Job Insecurity and Its Consequences: Investigating Moderators, Mediators and Gender
This thesis has aimed at increasing our understanding of the relations between job insecurity and its consequences by addressing several specific research aims. The first research aim focused on increasing the range of job insecurity consequences by studying the relation between job insecurity and work-family conflict over time in order to investigate the directionality of their association, which was addressed in Study 3. It was found that job insecurity affected work-family conflict one year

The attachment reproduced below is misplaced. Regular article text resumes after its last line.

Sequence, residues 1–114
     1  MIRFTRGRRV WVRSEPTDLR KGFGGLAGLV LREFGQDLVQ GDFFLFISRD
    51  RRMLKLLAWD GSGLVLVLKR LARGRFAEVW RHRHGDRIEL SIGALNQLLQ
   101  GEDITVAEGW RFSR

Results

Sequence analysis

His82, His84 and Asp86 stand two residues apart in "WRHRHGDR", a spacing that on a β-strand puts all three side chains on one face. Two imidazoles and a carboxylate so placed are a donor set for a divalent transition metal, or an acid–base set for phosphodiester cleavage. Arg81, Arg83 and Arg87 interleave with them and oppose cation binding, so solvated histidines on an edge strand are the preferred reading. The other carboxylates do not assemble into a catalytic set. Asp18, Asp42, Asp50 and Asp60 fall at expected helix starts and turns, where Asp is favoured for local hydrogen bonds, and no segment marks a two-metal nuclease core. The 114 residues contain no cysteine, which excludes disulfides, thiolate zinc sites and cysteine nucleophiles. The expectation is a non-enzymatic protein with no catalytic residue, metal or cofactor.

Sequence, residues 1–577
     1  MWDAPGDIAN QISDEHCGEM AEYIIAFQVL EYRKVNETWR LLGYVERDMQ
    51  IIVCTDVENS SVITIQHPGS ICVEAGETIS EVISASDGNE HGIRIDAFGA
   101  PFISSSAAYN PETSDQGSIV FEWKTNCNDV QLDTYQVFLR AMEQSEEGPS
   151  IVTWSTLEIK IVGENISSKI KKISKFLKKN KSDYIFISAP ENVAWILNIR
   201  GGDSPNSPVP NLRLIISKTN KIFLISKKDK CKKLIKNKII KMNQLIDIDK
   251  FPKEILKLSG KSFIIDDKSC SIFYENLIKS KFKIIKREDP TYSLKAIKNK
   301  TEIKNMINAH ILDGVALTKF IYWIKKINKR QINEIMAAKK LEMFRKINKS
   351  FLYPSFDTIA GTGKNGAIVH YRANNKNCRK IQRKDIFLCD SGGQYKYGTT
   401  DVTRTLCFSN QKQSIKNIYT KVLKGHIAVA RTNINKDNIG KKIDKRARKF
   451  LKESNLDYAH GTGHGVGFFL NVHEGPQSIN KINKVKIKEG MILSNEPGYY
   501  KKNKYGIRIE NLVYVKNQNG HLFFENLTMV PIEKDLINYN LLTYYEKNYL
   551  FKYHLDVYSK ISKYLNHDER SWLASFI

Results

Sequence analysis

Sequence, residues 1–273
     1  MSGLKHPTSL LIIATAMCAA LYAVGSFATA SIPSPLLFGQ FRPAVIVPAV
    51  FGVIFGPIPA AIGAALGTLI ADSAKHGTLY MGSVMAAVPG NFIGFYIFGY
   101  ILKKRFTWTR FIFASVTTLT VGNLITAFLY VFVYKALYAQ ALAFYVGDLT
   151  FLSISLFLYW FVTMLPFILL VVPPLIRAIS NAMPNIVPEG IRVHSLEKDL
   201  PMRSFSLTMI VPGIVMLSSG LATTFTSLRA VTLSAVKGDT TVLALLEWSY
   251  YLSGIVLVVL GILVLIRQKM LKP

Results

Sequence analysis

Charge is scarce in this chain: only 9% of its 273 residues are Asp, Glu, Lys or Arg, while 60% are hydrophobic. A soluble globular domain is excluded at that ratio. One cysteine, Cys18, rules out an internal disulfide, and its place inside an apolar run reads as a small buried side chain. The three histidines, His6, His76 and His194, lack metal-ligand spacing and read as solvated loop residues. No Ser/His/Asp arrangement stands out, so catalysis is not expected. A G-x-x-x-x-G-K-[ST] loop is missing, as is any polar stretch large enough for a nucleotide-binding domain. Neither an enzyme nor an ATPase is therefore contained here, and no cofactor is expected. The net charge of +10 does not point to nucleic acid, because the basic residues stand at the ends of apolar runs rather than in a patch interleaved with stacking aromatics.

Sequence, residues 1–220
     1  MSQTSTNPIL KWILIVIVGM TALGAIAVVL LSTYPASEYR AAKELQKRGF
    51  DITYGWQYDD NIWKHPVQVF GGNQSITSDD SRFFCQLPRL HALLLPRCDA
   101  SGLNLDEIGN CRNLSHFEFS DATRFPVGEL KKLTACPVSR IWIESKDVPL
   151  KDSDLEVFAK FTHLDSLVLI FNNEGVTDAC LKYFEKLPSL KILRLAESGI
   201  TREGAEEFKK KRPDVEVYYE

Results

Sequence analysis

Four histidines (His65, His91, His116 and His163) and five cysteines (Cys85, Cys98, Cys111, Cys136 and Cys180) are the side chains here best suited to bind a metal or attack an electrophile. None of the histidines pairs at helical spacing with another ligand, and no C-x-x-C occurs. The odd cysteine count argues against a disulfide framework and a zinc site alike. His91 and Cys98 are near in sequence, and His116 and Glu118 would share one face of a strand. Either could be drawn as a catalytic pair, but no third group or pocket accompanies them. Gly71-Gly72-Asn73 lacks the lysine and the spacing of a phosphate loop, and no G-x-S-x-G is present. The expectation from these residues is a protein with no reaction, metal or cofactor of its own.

... conflict one year later, but only among men. The second research aim addressed mechanisms involved in the job insecurity-outcome relations. Factors that might make employees more vulnerable to, or buffer against the negative effects of job insecurity were studied. Coping with job insecurity was investigated as potential moderating factors in Study 1. The results showed that problem-focused coping did not function as a buffer, nor did devaluation coping and avoidance coping, the two types of emotion-focused coping studied. Avoidance coping was actually a vulnerability factor for men, and related to more negative reactions to job insecurity in terms of job satisfaction and mental health complaints. Two forms of job dependence were also investigated in Study 2 as potential moderating factors of the relations between job insecurity and its outcomes. It was found that the relative contribution to the household income functioned as a vulnerability factor for men. Higher levels of work centrality combined with either quantitative or qualitative job insecurity were related to higher levels of job satisfaction among women. As a final mechanism, workload was investigated as a mediating variable of the relation between job insecurity and its outcomes in Study 3. The results showed that workload linked job insecurity to work-family conflict one year later, but only for men. The third research aim of this thesis addressed gender, and differences between men and women were found in all three studies, where men overall seemed to suffer more from job insecurity. All in all, these results confirm previous results regarding the negative impact of job insecurity, but also provide information regarding important areas for future research to study, such as the further investigation of mechanisms as well as the role of gender.